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Massachusetts, officially the Commonwealth of Massachusetts, is a state in the New England region of the northeastern United States. It is bordered by Rhode Island and Connecticut to the south, the State of New York to the west, and Vermont and New Hampshire to the north; at its east lies the Atlantic Ocean. Massachusetts is the 7th smallest, but the 14th most populous and the 3rd most densely populated of the 50 United States.
Massachusetts was named for an Algonquian Indian word that means "a big hill place." State Nickname - Bay State
Massachusetts takes its name from the Massachusett tribe of Native Americans, who lived in the Great Blue Hill region, south of Boston. The Indian term, roughly translated as, "at or about the Great Hill". The Indian term supposedly means "at or about the Great Hill," an apparent reference to the tallest of the Blue Hills, a recreation area south of the town of Milton.
There are, however, a number of interpretations of the exact meaning of the word. The Jesuit missionary Father Rasles thought that it came from the word Messatossec, "Great-Hills-Mouth": "mess"(mass) meaning "great"; "atsco" (as chu or wad chu) meaning "hill"; and sec (sac or saco) meaning "mouth". The Reverend John Cotton used another variation: "mos"and "wetuset", meaning "Indian arrowhead", descriptive of the Native Americans' hill home. Another explanation is that the word comes from "massa" meaning "great"and "wachusett", "mountainplace".
Massachusetts, like Pennsylvania, Virginia, and Kentucky, is called a "Commonwealth". Commonwealths are states, but the reverse is not true. Legally, Massachusetts is a commonwealth because the term is contained in the Constitution. In the era leading to 1780, when the state Constitution was ratified, a popular term for a whole body of people constituting a nation or state was the word "Commonwealth". This term was the preferred usage of some political writers. There also may have been some anti-monarchic sentiment in using the word "Commonwealth". The name, which in the eighteenth century was used to mean "republic", can be traced to the second draft of the state Constitution, written by John Adams and accepted by the people in 1780. In this second draft, Part Two of the Constitution, under the heading "Frame of Government", states, "that the people...form themselves into a free, sovereign, and independent body politic, or state by the name of The Commonwealth of Massachusetts". The people had overwhelmingly rejected the first draft of the Constitution in 1778, and in that draft and all acts and resolves up to the time between 1776 and 1780, the name "State of Massachusetts Bay"had been used. Thereafter, John Adams utilized the term "Commonwealth"when framing the Massachusetts Constitution. In his "Life and Works", Adams, wrote: "There is, however, a peculiar sense in which the words republic, commonwealth, popular state, are used by English and French writers, who mean by them a democracy, a government in one centre, and that centre a single assembly, chosen at stated periods by the people and invested with the whole sovereignty, the whole legislative, executive and judicial power to be included in a body or by committees as they shall think proper".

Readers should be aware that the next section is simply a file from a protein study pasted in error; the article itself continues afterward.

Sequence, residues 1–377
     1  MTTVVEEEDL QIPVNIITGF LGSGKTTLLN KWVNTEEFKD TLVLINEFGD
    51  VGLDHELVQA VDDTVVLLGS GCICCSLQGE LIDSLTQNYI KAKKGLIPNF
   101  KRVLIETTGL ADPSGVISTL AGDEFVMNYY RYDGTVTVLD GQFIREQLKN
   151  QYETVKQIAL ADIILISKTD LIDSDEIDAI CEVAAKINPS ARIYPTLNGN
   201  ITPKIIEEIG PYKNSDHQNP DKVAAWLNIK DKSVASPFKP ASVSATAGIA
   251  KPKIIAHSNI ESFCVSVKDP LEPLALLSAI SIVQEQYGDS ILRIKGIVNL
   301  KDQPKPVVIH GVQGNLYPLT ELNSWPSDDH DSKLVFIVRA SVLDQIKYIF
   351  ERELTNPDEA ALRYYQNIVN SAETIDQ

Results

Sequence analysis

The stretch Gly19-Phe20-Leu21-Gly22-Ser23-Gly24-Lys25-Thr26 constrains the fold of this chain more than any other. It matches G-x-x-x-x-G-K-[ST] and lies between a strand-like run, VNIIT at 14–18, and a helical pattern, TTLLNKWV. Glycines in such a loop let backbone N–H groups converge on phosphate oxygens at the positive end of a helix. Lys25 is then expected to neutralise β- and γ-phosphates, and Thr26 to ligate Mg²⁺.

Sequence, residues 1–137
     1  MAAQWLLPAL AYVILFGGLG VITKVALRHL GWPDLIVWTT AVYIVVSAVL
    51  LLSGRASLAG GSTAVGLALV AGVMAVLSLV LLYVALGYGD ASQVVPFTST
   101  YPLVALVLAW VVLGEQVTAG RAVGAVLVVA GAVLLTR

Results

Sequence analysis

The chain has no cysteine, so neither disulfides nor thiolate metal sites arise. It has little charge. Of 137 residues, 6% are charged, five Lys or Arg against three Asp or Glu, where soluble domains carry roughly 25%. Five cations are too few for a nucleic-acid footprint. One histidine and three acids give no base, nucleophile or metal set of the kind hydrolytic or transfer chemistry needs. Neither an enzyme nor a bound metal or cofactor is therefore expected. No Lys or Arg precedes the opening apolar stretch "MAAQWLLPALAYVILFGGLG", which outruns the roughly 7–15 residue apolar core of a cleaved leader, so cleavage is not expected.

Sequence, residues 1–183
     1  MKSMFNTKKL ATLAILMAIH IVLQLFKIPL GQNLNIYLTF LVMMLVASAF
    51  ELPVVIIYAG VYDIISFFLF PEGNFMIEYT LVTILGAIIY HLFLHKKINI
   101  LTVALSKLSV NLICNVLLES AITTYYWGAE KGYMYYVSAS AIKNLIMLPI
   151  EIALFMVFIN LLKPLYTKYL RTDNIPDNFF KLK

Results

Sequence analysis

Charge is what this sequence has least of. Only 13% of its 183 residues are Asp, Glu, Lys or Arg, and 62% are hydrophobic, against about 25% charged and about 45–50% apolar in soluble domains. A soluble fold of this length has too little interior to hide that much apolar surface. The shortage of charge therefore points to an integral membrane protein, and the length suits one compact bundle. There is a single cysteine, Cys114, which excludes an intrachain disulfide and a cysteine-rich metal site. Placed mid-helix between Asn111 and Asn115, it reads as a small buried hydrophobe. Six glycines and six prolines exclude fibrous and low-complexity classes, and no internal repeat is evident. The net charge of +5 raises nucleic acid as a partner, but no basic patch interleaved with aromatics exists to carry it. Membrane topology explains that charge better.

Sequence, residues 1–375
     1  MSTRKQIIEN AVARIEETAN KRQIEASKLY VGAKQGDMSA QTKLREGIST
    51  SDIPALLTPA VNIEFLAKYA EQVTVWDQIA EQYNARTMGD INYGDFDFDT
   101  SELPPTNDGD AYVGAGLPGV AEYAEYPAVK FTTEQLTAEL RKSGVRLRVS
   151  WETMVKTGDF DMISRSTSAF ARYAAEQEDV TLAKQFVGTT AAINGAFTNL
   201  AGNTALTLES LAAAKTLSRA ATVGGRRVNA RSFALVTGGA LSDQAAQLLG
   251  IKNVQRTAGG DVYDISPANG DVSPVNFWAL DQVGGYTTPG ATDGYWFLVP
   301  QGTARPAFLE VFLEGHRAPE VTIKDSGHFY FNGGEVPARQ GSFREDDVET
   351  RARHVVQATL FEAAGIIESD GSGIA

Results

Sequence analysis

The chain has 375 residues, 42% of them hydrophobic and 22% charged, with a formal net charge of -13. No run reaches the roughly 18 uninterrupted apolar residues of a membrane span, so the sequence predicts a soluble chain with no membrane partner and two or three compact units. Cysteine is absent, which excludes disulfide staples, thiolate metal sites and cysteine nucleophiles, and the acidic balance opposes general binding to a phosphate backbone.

Massachusetts is a commonwealth, and is usually known as the Bay State, a nickname that goes right back to its early settlers in 1789.
She is also occasionally referred to as the Old Colony State, the Puritan State, and the Baked Bean State.
Alludes to the colony of Massachusetts Bay, founded in 1628 and Massachusetts Bay.
Alludes to the colony of Massachusetts Bay, founded in 1628 and Massachusetts Bay. Old Bay State appearing some 50 years later after the nickname Bay State
Plymouth colony. The earlier Plymouth settlement gave Massachusetts Old Colony, a name which first appeared around 1798,
First colonists also led to the state sometimes being known as the Pilgrim State.
First colonists also led to the state sometimes being known as the Puritan State.
There are reports of it also being called the Baked Bean State, an allusion to the fact that the puritans would serve baked beans on Sundays.
But Massachusetts license plates declare The Spirit of America or The Codfish State